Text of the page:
The humble tea round is a tradition that is slowly becoming extinct in today’s fast-paced workplace with 2.5 million workers in Britain saying they don’t have the time to put the kettle on for their colleagues.
The research, released by the Royal Voluntary Service charity, identified the death of the communal cuppa comes despite Britons downing an average of five cups of tea or coffee a day at work, with 44 per cent consuming five or more cups in a working day.
And the findings indicate that the demise of the tea round may stem from the top with 40 per cent of workers claim their boss never makes them a cuppa.
A third (34 per cent) of workers admit they would rather just make themselves a drink and get back to work and many are resorting to underhand tactics to do just that.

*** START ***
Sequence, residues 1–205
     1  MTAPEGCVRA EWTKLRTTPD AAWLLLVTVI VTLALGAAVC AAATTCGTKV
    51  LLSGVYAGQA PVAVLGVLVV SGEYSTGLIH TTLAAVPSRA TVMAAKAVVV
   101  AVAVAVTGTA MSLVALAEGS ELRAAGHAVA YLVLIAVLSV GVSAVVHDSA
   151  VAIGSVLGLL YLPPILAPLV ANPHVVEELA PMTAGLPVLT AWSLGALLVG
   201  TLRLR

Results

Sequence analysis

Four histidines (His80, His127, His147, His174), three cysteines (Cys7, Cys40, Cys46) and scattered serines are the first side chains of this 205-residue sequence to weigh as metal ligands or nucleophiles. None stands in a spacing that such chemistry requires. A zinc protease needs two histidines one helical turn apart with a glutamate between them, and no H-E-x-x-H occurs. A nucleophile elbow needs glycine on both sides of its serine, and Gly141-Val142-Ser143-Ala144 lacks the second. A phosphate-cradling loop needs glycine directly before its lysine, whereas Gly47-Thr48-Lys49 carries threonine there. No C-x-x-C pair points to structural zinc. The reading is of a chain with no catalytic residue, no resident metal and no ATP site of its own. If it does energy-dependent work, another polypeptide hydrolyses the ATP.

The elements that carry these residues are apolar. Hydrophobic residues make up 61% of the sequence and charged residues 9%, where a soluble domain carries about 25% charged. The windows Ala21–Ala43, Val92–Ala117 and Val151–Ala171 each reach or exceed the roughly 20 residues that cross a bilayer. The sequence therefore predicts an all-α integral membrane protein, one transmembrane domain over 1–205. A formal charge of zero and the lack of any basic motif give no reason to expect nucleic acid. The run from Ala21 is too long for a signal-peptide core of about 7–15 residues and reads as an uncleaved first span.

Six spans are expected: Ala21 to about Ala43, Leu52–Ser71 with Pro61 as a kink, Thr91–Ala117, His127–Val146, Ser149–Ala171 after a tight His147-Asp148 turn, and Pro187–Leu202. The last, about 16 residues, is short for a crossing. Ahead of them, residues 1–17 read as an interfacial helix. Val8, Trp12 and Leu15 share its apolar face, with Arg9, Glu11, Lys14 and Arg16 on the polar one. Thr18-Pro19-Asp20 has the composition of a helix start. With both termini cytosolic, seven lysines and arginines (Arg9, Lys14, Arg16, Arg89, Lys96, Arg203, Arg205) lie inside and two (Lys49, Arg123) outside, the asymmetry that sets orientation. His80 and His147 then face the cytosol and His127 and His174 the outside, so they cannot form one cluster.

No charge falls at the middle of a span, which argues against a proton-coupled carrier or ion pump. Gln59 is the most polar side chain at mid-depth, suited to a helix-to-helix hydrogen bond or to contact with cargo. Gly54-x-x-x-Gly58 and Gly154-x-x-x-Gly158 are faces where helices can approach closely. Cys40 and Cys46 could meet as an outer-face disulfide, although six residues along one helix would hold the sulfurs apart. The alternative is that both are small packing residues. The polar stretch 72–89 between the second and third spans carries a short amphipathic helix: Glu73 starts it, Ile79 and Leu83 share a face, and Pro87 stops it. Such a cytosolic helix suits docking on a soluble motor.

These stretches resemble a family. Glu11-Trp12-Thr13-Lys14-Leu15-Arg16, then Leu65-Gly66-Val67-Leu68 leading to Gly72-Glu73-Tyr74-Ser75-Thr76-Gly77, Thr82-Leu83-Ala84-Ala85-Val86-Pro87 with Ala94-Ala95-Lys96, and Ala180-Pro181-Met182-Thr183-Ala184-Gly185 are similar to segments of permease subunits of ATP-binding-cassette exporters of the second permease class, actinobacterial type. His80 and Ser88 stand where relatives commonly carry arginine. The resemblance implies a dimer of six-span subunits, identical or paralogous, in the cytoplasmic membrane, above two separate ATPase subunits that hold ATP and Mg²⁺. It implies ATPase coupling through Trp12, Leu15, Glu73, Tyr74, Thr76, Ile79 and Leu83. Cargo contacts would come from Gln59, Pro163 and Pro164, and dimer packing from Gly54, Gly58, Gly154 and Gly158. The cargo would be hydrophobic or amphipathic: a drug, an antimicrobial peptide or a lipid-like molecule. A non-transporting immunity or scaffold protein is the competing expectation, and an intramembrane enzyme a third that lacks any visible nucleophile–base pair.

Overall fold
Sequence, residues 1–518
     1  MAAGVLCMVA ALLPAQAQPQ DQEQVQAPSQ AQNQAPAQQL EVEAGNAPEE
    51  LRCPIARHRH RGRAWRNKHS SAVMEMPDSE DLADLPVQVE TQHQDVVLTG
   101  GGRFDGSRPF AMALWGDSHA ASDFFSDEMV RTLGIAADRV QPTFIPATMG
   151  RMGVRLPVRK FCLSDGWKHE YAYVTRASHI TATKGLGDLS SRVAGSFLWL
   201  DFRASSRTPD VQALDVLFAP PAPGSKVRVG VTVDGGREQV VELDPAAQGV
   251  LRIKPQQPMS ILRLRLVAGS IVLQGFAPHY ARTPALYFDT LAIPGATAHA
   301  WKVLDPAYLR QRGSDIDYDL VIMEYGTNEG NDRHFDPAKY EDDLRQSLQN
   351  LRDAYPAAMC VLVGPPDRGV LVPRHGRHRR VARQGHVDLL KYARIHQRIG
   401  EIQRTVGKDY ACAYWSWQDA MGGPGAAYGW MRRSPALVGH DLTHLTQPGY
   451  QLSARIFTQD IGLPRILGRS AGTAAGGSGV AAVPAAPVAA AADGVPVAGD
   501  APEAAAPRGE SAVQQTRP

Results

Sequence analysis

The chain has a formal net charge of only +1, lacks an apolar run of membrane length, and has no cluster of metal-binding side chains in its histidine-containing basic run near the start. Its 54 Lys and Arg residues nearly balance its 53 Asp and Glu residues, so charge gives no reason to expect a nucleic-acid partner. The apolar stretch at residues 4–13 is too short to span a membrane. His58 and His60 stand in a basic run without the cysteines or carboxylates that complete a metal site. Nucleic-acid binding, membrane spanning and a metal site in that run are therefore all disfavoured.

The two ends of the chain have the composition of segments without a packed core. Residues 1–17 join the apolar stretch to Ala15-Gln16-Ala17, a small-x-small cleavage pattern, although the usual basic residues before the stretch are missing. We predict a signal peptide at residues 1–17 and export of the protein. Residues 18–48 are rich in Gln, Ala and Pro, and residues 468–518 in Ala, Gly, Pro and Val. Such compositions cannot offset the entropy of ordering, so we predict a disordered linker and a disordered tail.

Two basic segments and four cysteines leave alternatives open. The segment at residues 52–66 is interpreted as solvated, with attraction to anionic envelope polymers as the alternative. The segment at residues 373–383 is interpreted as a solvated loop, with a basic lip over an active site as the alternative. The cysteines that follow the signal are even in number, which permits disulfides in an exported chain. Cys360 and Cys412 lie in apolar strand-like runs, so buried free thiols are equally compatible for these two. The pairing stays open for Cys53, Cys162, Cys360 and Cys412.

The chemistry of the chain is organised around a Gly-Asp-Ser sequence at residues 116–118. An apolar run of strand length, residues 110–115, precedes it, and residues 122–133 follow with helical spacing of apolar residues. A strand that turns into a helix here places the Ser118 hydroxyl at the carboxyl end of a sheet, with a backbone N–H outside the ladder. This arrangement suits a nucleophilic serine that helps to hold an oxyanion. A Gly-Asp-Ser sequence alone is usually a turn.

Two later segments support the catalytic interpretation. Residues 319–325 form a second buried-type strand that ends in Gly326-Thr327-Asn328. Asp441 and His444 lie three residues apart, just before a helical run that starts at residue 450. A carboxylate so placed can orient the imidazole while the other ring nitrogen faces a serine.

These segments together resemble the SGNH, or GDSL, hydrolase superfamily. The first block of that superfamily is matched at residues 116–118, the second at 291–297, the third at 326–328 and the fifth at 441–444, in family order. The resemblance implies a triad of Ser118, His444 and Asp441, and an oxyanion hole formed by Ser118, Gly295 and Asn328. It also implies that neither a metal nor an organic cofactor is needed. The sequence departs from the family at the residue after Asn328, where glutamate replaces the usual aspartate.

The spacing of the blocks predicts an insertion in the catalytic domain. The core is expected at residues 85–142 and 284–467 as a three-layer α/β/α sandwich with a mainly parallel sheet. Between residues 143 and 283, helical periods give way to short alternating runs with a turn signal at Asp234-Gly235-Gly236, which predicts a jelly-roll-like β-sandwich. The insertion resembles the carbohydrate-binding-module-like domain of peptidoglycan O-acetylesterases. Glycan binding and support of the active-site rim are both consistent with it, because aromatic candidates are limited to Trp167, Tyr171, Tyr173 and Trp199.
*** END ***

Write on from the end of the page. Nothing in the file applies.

Common excuses deployed to get out of the tea round include waiting until people aren’t around, offering when people have just made themselves a drink and making rubbish teas and coffees so they are not asked again.
Felicity Kendal, Royal Voluntary Service Ambassador, said: “Time out for a cup of tea and quick chat is hugely important, especially in today’s ‘head down’ fast paced culture.
“It might be the time someone opens up about something that’s been bothering them or maybe you’ll get to hear about that great job that’s coming up.
“We all need to take a break to keep our minds focused and it’s so important that we maintain a connection with our colleagues. I’m supporting Great Brew Break to help raise vital funds for older people’s services and to help bring people back together.”
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